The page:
Forestry Commission: Wikis

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The Forestry Commission (established in 1919) is a non-ministerial government department responsible for forestry in Great Britain. Its mission is to protect and expand Britain's forests and woodlands and increase their value to society and the environment.

Contents

Role

The Forestry Commission manages 7,720 square kilometres of land in Great Britain, the majority of which (60%) is in Scotland, 26% of the landholding is in England and the remainder in Wales[1]. Activities carried out on the forest estate include timber harvesting to supply domestic industry, replanting of harvested areas, maintenance and improvement of the natural environment and the provision of recreation.

Afforestation is the main reason for the creation of the commission. They plant both conifer and broadleaved trees throughout Britain for the purpose of harvesting.

The Forestry Commission is also the government body responsible for the regulation of forestry nationally. Part of this role is carried out through the disbursement of funding in support of private forests and woodlands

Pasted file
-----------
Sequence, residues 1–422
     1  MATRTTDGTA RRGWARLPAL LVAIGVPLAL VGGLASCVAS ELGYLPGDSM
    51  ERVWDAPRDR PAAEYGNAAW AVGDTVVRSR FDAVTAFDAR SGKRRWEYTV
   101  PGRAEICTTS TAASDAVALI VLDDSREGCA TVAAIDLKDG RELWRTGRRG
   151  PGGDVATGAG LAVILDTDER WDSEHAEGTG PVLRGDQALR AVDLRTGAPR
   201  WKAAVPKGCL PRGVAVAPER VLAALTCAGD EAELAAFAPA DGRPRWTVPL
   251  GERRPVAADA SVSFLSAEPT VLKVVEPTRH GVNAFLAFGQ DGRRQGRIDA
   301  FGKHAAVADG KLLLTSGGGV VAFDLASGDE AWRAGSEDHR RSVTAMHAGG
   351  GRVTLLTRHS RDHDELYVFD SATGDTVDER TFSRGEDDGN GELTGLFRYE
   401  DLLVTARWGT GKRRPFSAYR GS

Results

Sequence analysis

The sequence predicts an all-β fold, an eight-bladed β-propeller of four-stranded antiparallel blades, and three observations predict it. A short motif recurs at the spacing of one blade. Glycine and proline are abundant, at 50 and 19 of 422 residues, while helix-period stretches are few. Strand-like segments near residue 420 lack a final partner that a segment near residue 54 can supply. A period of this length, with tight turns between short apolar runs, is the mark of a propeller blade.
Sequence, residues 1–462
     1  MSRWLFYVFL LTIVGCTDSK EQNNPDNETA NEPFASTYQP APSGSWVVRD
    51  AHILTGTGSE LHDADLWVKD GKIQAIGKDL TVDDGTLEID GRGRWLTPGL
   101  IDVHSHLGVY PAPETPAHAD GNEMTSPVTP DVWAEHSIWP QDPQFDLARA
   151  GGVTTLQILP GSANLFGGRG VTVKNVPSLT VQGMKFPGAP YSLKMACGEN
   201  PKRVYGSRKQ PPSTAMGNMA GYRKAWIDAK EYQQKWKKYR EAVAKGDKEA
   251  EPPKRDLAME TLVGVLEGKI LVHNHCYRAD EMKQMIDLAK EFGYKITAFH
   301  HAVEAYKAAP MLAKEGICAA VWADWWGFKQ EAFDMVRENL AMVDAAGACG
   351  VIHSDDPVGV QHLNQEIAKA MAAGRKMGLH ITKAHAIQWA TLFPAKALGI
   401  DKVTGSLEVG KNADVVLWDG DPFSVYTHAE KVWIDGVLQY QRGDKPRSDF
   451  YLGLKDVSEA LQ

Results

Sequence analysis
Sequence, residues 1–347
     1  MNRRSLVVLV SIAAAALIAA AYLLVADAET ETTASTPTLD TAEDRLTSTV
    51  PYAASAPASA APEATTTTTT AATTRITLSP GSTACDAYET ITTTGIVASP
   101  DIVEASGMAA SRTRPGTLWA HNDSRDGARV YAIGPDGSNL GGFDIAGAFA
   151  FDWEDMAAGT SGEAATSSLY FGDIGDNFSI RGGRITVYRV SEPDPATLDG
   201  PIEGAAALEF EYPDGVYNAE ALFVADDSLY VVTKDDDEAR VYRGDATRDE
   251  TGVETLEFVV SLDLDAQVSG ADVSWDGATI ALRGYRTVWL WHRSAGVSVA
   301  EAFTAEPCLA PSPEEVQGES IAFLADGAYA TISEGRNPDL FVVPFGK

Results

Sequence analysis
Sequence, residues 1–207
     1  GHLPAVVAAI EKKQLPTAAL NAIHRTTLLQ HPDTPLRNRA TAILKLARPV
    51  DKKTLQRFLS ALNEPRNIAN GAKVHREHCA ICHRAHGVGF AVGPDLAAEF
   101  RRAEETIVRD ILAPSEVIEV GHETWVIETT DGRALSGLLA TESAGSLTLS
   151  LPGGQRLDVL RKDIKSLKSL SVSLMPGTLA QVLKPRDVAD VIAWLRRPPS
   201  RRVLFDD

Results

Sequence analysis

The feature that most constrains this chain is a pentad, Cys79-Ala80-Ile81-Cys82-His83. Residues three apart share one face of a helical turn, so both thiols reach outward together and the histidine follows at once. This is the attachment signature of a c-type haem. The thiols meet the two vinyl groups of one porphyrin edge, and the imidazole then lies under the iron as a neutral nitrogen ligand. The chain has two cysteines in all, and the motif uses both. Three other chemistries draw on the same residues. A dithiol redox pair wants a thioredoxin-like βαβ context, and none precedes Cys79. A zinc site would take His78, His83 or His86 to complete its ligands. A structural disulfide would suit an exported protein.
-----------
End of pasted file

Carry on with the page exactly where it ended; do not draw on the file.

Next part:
Organisational structure

The organisation has a Board of Commissioners with duties and powers prescribed by statute, consisting of a Chairman and up to ten other Forestry Commissioners, including its Director General, who are appointed by the Queen.

The Commission also has an Executive Board which assists the Director General and Country Directors in the effective management of the Commission by providing leadership and setting direction for the Commission as an organisation.

Its current structure of separate Forestry Commissions for England, Scotland and Wales, came into effect on 1 April 2003. This structure allows the Commission to focus more clearly on delivering the policies of the individual Governments while still having the ability to take a Great Britain-wide approach to "cross-border" issues.

The Forestry Commission in each country is led by a Director who is also a member of the GB Board of Commissioners. Delivery of policy, as well as progress against strategy objectives, are overseen in each country by the Commission's National Committee for England, National Committee for Scotland and National Committee for Wales..

Research division

Forest Research is a Great Britain-wide agency of the Forestry Commission which aims to deliver high-quality scientific research and surveys, to inform the development of forestry policies and practices, and promote high standards of sustainable forest management.

Recreation

The Forestry Commission is the largest provider of outdoor recreation in Britain [1]. It is working with many user groups to promote the use of its land for recreation such as hillwalking, cycling, mountain biking and horseback riding. There are many such projects throughout Britain. A notable and successful example is its 7stanes project in Scotland where seven purpose built areas of man-made mountain bike trails have been laid and has proved very popular. A another project to promote the use of its land is the Forest Tour, which is a music festival.